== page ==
There isn’t a great deal of mechanical energy we are dealing with here, anyway. Let all the lube evaporate out of your favorite slim .380 defensive pistol then pack it to the gunwales with pocket lint and don’t be surprised if it chokes in the clutch. Holstered guns typically fare fairly well over time, but should you be in the practice of carrying a heater in your pocket that thing will get gross quick. I have been on occasion gobsmacked by the sheer volume of sundry grunge that will accumulate in a pocket gun over even a short month or two of regular carry.
Don’t forget the magazine. The box magazine on a pocket gun sucks up filth like crazy. Slide the floorplate off and tidy up the inside of the magazine whenever you strip the gun.
Shoot your carry guns from time to time, and not just with cheap blasting ammo. It can be illuminating to go to the range and run your ready magazine dry in a high-mileage carry piece. I have had several unexpected stoppages during this exercise. There is one gun I no longer rely upon because of some dismal no-notice range performance. Defensive ammo is expensive, but it is worth the trouble to freshen up your primary magazine every year or two.
Strip it down and tidy it up on the first of each month. It won’t take you five minutes. You would willingly devote more attention to some medical machine if it were keeping you alive. If you are serious about packing a gun for protection, you need to keep it properly maintained. Lives could turn on this.
The direct gas impingement versus gas piston dead horse has been flogged into sausage. I’ll spare you the rehash. However, I ran my first M16A1 professionally in 1984. I’ve had every type of stoppage imaginable with this weapon, to include blown cases and a failed front sight base. The gun will run and run well, but it needs a little love. The rub is that the direct gas impingement system pumps all of the gun’s sundry funk right back into its entrails.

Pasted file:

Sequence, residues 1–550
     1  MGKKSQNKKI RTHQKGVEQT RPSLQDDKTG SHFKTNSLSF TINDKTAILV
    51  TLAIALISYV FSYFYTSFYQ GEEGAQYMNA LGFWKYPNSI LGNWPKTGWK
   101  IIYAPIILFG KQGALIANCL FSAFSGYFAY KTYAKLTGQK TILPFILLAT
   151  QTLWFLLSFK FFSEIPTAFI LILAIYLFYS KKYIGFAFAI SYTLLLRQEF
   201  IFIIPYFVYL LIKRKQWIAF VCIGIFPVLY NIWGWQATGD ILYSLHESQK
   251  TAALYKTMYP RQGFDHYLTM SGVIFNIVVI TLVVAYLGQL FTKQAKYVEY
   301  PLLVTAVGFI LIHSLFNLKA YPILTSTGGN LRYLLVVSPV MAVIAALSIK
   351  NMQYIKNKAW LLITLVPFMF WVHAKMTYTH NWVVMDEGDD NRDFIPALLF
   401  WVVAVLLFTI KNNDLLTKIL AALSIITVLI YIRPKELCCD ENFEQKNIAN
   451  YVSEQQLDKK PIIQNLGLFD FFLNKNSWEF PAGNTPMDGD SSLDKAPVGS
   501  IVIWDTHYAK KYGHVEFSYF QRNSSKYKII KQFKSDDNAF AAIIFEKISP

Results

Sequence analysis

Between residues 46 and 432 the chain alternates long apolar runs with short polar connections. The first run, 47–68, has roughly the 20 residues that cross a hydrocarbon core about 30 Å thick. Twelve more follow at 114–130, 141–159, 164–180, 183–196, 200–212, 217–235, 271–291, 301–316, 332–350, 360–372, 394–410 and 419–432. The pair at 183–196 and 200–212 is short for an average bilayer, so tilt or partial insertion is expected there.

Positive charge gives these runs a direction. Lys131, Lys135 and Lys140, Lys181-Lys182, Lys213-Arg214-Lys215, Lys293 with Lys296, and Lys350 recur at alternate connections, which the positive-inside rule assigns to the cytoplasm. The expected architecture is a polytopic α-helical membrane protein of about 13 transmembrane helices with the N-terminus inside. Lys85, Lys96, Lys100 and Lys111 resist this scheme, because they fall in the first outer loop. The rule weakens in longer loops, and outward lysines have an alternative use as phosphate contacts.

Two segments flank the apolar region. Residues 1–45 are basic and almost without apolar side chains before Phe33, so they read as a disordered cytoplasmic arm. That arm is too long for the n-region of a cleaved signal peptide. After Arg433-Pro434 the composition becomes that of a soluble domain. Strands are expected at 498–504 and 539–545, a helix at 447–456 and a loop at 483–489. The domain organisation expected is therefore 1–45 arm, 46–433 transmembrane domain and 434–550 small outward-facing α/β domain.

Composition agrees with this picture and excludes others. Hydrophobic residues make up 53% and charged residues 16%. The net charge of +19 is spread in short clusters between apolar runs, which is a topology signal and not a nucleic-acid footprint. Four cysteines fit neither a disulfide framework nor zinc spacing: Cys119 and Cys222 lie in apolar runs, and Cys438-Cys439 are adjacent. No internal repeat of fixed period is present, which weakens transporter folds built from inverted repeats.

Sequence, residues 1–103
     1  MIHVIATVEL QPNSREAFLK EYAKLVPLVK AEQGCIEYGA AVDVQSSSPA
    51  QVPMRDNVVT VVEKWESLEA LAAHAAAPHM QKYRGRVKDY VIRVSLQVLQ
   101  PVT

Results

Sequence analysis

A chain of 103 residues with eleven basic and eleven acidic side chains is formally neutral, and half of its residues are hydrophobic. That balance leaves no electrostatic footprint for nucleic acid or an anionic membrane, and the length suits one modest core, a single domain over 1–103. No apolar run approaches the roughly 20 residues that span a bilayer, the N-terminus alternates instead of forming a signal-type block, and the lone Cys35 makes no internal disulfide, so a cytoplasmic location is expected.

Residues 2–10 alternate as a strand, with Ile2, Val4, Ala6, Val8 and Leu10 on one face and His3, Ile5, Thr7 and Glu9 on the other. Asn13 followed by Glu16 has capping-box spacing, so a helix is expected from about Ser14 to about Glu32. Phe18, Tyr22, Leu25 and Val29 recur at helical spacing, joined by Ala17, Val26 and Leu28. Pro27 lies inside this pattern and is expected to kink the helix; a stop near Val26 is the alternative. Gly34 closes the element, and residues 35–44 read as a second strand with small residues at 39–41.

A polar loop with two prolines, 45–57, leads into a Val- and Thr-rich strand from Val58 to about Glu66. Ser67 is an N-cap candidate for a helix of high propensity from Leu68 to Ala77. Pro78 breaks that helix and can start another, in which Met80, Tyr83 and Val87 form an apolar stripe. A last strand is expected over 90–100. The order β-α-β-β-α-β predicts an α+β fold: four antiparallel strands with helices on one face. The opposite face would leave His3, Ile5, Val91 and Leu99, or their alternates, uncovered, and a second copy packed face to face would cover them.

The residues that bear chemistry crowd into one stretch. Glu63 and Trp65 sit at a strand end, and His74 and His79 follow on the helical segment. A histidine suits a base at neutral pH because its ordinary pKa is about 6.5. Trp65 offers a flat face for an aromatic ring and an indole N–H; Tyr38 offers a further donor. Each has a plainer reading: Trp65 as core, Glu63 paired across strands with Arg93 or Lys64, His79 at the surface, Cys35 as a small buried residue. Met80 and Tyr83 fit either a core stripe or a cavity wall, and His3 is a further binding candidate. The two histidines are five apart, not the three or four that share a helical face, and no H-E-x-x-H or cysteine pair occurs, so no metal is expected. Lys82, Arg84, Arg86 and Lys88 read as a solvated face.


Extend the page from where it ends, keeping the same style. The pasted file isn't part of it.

M16A1 rifles at the Ranger School at Fort Benning back in the 80s had been rode hard, but meticulously maintained. However, I used one during a competition there that would not run more than three rounds at a sitting despite being spotlessly clean and lightly lubed. Stoner acolytes please forgive me, but this is, especially in its earliest iterations, a remarkably finicky combat weapon.
Let an AR get properly dirty and the results will show. Failures to extract, failures to eject, and bolt over failures pepper the fail-scape. The solution is obviously regular cleaning.
Scrub off the bolt, bolt carrier, bolt carrier key, and sundry small parts. Personally, I use a pocketknife to scrape the carbon fouling off of the tail of the bolt. I take a short bit of coat hangar, hammer one end into a little paddle, and use that to scrape the carbon out of the inside of the bolt and carrier. I’ve used that same little improvised tool regularly ever since I made it on a barracks floor with a hammer in 1987.
Gun Cleaning’s Gleaming Exception
Modern surface treatments and Information Age metallurgy can legitimately revolutionize the AR platform. I once partook of a torture test wherein a few pals and I ran 10,000 rounds through a rack-grade M4 from Battle Rifle Company in a single day. Chris and the boys at BRC hand build some of the most rugged AR rifles I have ever seen.
We opened up the rifle at 2,500, 5,000, and 7,500 rounds just to wipe off the grunge. Then we replaced the gas rings at the midpoint. We ran 10, 30-round magazines as fast as we could, poured cold water over the barrel to cool it off, and repeated the exercise for eight hours straight.
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There were three stovepipe stoppages that were easily cleared by the operator and no component failures in 10,000 rounds. A former SEAL in attendance used the rifle to center punch a quarter at 20 meters on the last magazine fired. My shoulder was purple the next day. This is a stark testament to the benefits of Information Age technology incorporated into Eugene Stoner’s 1950s-era design.
Modern guns are not nearly so susceptible to failure as once was the case. Clean the gun your life depends on like your life depends on it — anything less is rank laziness and does not befit a responsible American.
We spent some time at the range with Tactical Solutions' TSAR-300, which comes with an...
by Tactical-Life / Sep 6, 2017